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6th November 1923
Page 30
Page 30, 6th November 1923 — HINTS ON MAINTENANCE.
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Which of the following most accurately describes the problem?

How to Get the Best Out of a Vehicle, to Secure Reliability and to Avoid Trouble.

445. Improving the Oil Distribution System of the J-type Thornycroft Engine.

The engine of the 3'-type Thornycroft is lubricated. on the pressure system, the oil being distributed from a pump situated at the front of the timing case and driven direct from the camshaft. The oil is delivered to the bearings via pipes which are fixed on the outside of the crankcase. The •general layout of these pipes is shown in oh/. diagram. They are connected to the crankcase by three special drilled setscrews 'whichfit in the holes A, B and C.

It has been found that when examples of4this make of vehicle are subjected to i!a considerable amount of vibration by. running over rough roads the pipes sometimes fracture immecliately under C, presumably through the vibration of the pipe D, which leads to the oil gauge on the dash. Efforts were made to stay this pipe by suitable clips and a coil was put into the pipe, but neither of these attempted remedies proved satisfactory.

Finally, a special setscrew was made to fit into the hole C, the pipe from the oil gauge being disconnected from its usual place and bent to fit on the protruding thread of the new setscrew, which was bored right through, instead of halfway as:in the original one fitted. A blank socket was screwed on to the thread vacated by the union of the oil gauge pipe. This formed an effective and simple cure for the trouble, and one which has stood the test both of time and running the vehicle over what might be considered unsuitable roads.

446.—A Curious Trouble Caused by Worn Tappet Roller Pins.

An engine was recently taken down for decarbonizing and valve-grinding. After everything.had been cleaned in paraffin' the valves ground in and the parts reassembled, the engine was run for a short time in order to get the correct tappet adjustment with the cylinders warm.

On the first journey out it was noted that the tappets became noisy at 'certain periods, after which the noise would stop. The engine was stopped

It often happens that. even a normal practice, or a practice peculiar to a particular type of vehicle, is not generally known. Expedients and suggestions for overcoming roadside and other troubles are covered in the following page, dealing with letters from our driver and mechanic readers. Communications should be addressed to "The Editor, The Commercial Motor, 7-15, Rosebery Avenue, London, E.C.1."

during one of the times that the tappets were noisy and, on examination,, it was found that those of No. 1 inlet and No. 3 exhaust had twice as much clearance as had been given to them previously. However, they were again adjusted to the correct distance.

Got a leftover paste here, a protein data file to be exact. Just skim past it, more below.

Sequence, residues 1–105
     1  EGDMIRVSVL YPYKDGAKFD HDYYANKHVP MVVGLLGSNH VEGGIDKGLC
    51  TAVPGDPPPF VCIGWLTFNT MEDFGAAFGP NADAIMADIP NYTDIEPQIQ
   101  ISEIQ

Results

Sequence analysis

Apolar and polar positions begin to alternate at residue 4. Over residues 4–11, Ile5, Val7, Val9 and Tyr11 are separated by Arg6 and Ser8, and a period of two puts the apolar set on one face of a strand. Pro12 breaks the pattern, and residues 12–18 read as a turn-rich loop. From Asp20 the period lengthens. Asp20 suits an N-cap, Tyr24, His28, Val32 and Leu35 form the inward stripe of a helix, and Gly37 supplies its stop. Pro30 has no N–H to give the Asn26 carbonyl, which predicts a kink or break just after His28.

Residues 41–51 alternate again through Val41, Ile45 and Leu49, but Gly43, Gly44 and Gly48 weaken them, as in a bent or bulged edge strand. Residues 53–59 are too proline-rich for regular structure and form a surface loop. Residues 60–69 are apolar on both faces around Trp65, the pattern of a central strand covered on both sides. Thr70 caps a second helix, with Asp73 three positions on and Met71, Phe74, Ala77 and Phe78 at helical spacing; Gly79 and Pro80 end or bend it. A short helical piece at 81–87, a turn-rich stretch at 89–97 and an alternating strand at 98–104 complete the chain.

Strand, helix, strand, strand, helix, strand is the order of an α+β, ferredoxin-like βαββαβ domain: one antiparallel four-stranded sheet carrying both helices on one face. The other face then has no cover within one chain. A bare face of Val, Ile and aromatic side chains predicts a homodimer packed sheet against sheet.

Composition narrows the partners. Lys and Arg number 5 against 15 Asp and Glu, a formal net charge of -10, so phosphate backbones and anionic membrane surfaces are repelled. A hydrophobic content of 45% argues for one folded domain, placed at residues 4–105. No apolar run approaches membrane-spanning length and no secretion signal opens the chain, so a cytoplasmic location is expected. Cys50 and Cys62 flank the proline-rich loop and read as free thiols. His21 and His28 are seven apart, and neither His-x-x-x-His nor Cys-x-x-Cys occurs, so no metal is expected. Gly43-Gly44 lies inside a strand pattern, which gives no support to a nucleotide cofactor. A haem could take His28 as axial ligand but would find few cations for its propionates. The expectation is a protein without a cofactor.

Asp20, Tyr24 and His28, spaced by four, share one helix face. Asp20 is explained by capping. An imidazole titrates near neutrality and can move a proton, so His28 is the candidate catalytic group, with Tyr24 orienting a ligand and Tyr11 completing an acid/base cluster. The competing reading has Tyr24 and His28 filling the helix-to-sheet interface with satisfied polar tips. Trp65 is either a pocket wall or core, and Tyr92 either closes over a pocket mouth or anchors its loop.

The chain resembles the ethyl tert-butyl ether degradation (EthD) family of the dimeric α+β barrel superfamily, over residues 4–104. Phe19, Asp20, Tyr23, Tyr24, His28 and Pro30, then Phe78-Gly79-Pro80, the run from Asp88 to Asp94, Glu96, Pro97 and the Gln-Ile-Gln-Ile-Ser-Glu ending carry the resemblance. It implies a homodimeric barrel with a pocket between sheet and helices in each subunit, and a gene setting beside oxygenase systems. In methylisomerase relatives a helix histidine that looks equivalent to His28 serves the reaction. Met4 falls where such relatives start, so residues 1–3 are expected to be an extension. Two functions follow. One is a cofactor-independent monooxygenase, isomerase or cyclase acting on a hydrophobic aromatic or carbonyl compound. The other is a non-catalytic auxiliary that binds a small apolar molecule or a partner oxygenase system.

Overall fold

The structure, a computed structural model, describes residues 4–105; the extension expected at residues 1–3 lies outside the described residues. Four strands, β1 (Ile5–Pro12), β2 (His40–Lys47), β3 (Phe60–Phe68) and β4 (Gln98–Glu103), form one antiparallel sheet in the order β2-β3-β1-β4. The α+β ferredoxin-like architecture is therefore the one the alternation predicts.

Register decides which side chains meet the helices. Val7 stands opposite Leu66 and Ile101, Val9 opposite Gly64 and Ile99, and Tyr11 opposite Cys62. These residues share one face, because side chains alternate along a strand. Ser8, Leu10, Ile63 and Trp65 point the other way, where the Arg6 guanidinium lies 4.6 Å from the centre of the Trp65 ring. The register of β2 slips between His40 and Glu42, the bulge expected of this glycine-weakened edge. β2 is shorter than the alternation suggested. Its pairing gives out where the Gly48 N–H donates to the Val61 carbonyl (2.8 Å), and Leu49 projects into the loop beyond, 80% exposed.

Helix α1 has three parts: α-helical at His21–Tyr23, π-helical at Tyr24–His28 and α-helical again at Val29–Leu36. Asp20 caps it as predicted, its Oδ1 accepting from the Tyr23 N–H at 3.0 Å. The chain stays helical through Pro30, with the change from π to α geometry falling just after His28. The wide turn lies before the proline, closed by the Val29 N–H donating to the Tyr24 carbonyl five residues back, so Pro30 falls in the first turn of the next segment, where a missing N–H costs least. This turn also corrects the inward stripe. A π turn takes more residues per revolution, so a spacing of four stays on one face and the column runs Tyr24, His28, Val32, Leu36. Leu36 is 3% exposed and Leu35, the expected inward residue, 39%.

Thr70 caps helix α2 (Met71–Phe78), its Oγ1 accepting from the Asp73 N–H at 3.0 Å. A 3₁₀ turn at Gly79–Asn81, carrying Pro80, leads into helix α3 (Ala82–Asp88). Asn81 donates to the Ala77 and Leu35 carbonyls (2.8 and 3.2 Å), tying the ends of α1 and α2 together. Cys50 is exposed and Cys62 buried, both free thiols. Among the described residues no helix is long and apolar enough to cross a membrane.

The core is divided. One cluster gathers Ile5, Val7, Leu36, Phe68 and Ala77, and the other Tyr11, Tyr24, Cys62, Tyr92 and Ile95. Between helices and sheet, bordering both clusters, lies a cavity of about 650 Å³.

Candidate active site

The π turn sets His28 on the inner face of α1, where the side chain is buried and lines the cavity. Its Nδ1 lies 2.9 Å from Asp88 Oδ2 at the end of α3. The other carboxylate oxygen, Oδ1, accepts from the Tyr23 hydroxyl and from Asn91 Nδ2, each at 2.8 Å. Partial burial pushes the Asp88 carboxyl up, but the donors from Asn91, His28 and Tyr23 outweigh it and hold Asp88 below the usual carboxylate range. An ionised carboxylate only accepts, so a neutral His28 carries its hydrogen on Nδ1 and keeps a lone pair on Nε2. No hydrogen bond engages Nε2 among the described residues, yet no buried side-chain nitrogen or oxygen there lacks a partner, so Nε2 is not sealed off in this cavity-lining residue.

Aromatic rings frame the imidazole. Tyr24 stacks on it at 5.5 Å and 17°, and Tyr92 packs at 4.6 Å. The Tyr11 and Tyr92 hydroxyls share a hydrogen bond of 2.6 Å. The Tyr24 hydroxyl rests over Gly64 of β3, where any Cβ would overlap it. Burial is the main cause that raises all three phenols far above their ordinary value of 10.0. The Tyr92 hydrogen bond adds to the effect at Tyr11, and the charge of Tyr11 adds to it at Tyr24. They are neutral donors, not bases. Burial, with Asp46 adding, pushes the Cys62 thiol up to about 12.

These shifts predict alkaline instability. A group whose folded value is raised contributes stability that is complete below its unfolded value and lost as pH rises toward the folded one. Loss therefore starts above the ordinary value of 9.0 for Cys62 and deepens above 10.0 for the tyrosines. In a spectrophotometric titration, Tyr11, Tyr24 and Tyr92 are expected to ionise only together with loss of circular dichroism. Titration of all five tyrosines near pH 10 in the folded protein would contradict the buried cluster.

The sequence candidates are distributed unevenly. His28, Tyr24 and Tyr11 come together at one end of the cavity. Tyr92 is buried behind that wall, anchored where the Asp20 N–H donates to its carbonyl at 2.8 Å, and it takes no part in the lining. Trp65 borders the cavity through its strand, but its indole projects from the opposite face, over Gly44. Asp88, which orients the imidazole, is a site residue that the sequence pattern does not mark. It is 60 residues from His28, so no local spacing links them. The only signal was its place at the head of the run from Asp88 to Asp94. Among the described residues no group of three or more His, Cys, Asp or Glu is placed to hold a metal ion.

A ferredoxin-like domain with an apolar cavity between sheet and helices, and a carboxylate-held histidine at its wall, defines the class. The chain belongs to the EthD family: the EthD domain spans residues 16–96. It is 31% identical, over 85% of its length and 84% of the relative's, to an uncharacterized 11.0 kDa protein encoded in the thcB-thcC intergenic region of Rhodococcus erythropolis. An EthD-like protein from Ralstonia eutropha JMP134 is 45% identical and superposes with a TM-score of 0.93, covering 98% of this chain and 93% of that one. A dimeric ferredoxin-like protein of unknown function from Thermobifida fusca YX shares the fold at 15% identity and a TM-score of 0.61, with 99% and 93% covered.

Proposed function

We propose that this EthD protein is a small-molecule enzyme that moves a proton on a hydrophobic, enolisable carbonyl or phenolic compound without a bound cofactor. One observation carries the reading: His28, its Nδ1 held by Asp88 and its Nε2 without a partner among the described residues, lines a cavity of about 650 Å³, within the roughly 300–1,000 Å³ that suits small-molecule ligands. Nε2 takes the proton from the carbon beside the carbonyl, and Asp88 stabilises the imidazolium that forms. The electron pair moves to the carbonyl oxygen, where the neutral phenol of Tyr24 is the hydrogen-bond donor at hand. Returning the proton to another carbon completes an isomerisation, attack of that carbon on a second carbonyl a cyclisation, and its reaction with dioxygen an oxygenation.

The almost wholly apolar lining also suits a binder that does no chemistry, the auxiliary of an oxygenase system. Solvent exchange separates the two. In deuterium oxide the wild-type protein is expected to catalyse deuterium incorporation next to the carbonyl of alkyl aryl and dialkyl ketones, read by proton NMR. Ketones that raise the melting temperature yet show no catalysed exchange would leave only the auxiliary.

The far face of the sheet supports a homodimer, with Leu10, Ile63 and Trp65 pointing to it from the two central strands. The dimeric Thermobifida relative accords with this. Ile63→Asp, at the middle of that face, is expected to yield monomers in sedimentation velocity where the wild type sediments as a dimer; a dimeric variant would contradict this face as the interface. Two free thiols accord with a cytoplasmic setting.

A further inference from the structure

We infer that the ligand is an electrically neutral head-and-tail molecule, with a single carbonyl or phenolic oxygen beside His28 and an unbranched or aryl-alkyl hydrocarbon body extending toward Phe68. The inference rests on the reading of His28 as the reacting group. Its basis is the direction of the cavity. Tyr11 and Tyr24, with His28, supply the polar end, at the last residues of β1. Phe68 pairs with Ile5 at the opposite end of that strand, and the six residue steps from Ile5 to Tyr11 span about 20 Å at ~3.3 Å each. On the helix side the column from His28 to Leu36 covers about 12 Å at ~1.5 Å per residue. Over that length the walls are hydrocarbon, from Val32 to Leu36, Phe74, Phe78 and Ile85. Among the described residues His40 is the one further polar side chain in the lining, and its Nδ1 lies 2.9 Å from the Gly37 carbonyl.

It was then found that at times there was blowing past the valves, showing that the clearance was not sufficient. Eventually the tappets with their guides were removed, and it was discovered that the roller pins were badly worn and that they were being forced round in the push rods by the rollers, so that sometimes the worn part of any particular pin was at the top, thus letting the tappets drop lower, whilst at other times it was at the bottom and the tappets were returned to their proper position. A cure was effected by fitting new roller pins.

447.—The Use of Special Adapters for Cracked Compression Tap Bosses.

The cylinders on certain engines have a habit of cracking half-way down the bosses for the compression taps. This crack is in such a position that it permits water from the jackets to penetrate to the bores of the cylinders.

In such cases a satisfactory repair can be effected by utilizing a special adapter made from 1-in, round steel. At one end this must be tapped 1-in, gas thread to take the compression tap, whilst at the other end it should be turned down and screwed 1-in, gas to fit the lower end of the compression tap boss.

To facilitate the entry of this adapter the thread between the upper and lower portions of it may be turned off. Now, if screwed tightly into position, the head of the adapter will make ,a good lioint for the face of the boss, and will prevent water leaking either into the cylinders or between the boss and the adapter.

When tapping the boss it is advisable to utilize a taper tap, as the thread can, then be kept to such dimensions that the adapter will screw tightly into position. In order to permit a spanner-hold on the adapter, the sides of the upper portion should be filed fiat, but not right down to where this part of the adapter makes contact with the boss, otherwise the area of the joint will be diminished.


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